Football Great Curt Warner Opens Up about Autism

August 2, 2013 at 2:22 pm 4 comments

The Warner family at the podium, as captured by Trish Hummer of Penn State Outreach.

The Warner family at the podium, as captured by Trish Hummer of Penn State Outreach.

When the doctor said “autism”—about five minutes after Curt and Ana Warner entered their new pediatrician’s office with their 5-year-old twins, who weren’t developing the way their older son had—they didn’t know what to think. Autism? All they knew of autism was Raymond from Rain Man, and Dustin Hoffman’s character didn’t resemble either of their boys, Austin or Christian.

So Curt and Ana went home and went to the Internet with one question in mind: How do we fix this?

Turns out, they couldn’t. All they could do was live with it—and love their boys. Which hasn’t been easy.

Austin and Christian are 19 years old now, high school seniors with what the Warners call a “medium” level of autism. They’re old enough to shave, but Ana has to do it for them. When they travel, Curt and Ana fly separately, reducing the odds that the twins could be left without either parent to care for them. All doors in their home are always locked—adults carry the keys on their person, even when they’re inside, at all times—and their property is surrounded by a high fence to keep the twins from wandering away.

That’s not to say there aren’t moments of joy. The twins know everything about Disney (name a movie, Austin will respond immediately with the director and producer), so there are movie nights and family trips to the theme park, and Ana records milestones like new words or properly using the bathroom on sticky notes, the better to remember.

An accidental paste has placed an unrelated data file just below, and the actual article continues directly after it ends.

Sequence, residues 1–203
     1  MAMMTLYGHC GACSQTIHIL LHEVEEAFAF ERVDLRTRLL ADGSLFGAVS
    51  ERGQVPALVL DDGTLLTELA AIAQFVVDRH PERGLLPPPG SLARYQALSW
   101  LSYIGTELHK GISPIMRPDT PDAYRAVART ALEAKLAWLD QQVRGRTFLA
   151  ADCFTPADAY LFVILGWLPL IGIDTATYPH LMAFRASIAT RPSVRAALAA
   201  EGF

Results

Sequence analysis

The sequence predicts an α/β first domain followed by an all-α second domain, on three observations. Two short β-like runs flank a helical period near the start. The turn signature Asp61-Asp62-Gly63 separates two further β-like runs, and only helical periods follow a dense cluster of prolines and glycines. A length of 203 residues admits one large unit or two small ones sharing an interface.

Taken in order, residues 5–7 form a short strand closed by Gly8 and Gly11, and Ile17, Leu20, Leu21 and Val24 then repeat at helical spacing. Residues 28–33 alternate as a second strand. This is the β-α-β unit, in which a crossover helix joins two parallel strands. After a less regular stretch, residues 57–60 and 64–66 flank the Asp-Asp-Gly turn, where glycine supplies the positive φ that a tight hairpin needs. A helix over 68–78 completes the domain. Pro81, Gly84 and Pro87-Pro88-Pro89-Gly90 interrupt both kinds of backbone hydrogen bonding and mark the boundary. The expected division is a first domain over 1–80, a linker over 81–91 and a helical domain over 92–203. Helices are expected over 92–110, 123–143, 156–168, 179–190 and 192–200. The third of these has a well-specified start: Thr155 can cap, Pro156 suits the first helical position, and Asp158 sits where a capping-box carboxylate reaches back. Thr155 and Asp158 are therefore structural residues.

“Count your blessings,” Ana told attendees Thursday at the National Autism Conference at Penn State. “It helps a lot. You’re going to have dark days, so remember to count your blessings. Write them down and read them, the funny stories. When you’re sad, you’ll laugh at stuff like that. It will brighten up your day. “

The Warners told their story—for the first time, excepting this short ESPN piece in December 2011—Thursday afternoon at the National Autism Conference at Penn State. (Click here to watch; it lasts about an hour.) Curt, tailback on the 1982 national championship team and a three-time Pro Bowler with the Seattle Seahawks, Ana, and their other son Jonathan, a redshirt freshman wide receiver for the Nittany Lions, stood together at the podium. It was to give all sides of their story, of course, but also to give each other support; it took Curt months to respond to the invitation to speak, he said, because he gets so emotional talking about “the boys.”